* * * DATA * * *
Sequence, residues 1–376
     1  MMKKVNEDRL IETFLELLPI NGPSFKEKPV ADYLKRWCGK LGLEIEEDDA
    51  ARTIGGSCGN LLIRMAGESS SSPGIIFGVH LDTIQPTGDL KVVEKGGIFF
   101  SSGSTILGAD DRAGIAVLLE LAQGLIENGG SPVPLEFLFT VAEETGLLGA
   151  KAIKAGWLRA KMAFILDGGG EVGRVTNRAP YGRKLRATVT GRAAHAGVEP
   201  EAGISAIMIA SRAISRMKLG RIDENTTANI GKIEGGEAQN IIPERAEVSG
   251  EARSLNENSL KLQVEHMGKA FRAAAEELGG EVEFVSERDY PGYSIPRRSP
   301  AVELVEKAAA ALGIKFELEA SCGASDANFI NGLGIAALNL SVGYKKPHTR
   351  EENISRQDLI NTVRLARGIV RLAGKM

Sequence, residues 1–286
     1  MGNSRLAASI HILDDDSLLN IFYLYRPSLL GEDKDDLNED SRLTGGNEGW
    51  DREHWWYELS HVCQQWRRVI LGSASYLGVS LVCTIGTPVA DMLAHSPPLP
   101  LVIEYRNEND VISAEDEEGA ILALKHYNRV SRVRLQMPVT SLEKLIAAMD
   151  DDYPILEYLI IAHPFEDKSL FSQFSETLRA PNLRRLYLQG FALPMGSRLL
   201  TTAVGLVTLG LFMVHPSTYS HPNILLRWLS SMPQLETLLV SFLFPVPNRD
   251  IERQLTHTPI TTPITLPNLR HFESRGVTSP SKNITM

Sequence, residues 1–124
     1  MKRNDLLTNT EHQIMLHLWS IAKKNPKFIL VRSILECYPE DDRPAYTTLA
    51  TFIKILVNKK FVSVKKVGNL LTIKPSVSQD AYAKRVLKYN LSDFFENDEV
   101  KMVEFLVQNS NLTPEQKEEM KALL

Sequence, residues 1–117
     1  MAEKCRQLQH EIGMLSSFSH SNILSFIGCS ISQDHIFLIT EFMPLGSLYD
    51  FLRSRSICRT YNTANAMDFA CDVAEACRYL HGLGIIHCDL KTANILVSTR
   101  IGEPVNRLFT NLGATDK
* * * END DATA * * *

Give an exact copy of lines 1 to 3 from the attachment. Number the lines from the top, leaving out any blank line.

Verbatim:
Sequence, residues 1–376
     1  MMKKVNEDRL IETFLELLPI NGPSFKEKPV ADYLKRWCGK LGLEIEEDDA
    51  ARTIGGSCGN LLIRMAGESS SSPGIIFGVH LDTIQPTGDL KVVEKGGIFF